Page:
You’ll aid your kids’ creativity. One of my favorite parts of thrift store shopping when I was a kid is the same for my kids: Getting to wear some “iffier” fashions without my dropping a lot of cash. Those neon tights that cost $12 at Target you can find at the thrift store for $2. The dusty-rose pleather vest that zips diagonally across the chest, you can get for $4. You have no idea whether your kids will actually venture out in some of these items, but it is great to let them test their fashion sense.

You’ll teach your children how far a dollar can go. Our family has not given up on retail purchases. We find ourselves paying retail prices for things we are really bowled over by, but not that often. Our girls love to try on dresses at Nordstrom and get new shoes at the Nike store, but they also have learned how far $10 can reach at each place. My daughters know, because we have thrift store shopped for years, that you often can get three items—sometimes many more—for $10 at a thrift store. If you can forego the one-day experience of wearing something brand new, you can save an immense amount of money.

Now here are a few ways you can be assured of success at a thrift store:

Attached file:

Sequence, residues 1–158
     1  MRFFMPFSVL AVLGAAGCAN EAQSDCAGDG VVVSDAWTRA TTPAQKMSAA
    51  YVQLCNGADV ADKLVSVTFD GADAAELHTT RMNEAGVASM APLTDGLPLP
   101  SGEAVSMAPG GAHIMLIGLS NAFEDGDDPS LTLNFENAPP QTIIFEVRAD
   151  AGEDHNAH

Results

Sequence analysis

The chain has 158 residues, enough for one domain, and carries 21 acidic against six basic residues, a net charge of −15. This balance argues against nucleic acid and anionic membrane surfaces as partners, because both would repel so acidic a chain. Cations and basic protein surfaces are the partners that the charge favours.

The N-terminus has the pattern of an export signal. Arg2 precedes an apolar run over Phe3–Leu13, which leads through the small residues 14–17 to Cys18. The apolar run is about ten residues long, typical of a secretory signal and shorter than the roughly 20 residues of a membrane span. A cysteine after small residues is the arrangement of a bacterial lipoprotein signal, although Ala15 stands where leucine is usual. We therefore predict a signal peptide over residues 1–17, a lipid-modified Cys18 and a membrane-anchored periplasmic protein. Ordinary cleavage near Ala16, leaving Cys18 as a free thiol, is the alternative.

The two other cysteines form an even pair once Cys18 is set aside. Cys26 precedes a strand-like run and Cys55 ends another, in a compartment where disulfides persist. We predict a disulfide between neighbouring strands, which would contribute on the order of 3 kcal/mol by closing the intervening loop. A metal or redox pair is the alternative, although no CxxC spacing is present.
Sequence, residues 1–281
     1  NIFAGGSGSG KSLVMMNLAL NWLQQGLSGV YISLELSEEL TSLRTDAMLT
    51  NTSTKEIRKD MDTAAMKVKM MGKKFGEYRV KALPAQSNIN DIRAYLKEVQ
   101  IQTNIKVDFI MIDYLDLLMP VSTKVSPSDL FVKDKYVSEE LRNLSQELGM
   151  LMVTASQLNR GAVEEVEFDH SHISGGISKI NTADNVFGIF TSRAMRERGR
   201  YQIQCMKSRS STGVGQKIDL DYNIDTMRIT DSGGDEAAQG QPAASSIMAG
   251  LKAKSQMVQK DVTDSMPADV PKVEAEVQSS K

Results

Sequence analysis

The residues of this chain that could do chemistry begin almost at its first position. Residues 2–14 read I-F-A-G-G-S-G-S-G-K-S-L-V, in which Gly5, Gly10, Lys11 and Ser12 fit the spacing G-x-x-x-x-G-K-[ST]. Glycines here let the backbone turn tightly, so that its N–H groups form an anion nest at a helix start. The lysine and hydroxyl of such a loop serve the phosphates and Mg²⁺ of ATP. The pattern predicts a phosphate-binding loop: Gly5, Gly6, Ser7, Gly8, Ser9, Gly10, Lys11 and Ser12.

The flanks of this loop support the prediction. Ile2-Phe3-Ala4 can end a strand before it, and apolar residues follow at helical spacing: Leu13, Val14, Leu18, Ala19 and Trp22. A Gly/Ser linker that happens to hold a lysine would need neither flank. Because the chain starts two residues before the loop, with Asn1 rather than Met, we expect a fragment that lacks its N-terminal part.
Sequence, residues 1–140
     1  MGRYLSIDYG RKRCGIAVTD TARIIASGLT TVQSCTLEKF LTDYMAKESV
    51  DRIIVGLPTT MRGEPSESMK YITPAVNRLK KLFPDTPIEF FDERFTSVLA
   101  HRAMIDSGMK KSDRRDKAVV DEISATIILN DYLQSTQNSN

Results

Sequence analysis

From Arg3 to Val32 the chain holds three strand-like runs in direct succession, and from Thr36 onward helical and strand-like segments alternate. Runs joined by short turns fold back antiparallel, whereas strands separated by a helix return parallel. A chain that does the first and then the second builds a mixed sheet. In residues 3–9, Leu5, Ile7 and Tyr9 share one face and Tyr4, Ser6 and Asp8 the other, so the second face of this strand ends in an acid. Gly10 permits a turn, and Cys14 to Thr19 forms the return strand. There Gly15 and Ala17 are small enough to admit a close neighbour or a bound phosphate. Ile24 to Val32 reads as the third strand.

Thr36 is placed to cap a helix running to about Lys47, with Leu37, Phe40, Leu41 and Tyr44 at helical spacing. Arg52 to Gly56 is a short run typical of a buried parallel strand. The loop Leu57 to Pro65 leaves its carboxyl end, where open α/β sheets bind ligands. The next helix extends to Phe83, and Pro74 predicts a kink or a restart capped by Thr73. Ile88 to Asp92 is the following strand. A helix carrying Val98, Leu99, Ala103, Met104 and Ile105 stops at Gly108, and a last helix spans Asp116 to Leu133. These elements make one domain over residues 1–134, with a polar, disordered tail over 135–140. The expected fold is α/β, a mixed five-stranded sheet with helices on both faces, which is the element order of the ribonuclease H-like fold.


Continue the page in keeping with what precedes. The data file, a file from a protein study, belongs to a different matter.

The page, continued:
• Find a thrift store close(ish) to your home. My husband, who has become a tried-and-true thrift store shopper, stops at a thrift store once a week on his way home from work. In 10 minutes, he scans the men’s shirts and jeans sections and can be back in the car before he misses three songs on the radio. He devotes time but doesn't waste it on finding bargains. He has a closet of designer dress shirts and blue jeans now to show for his perseverance, and he paid between $5 and $10 for each item. This is mostly because the store is on his route home from work.
  • Have patience and return often. Go in knowing that thrift stores are completely different than retail shops. They don’t have regular inventory, as things change on the floor from hour to hour. You may get frustrated if you’re looking for the one particular item you need on a particular day. If you are in a hurry, you are better off heading to a retail outlet.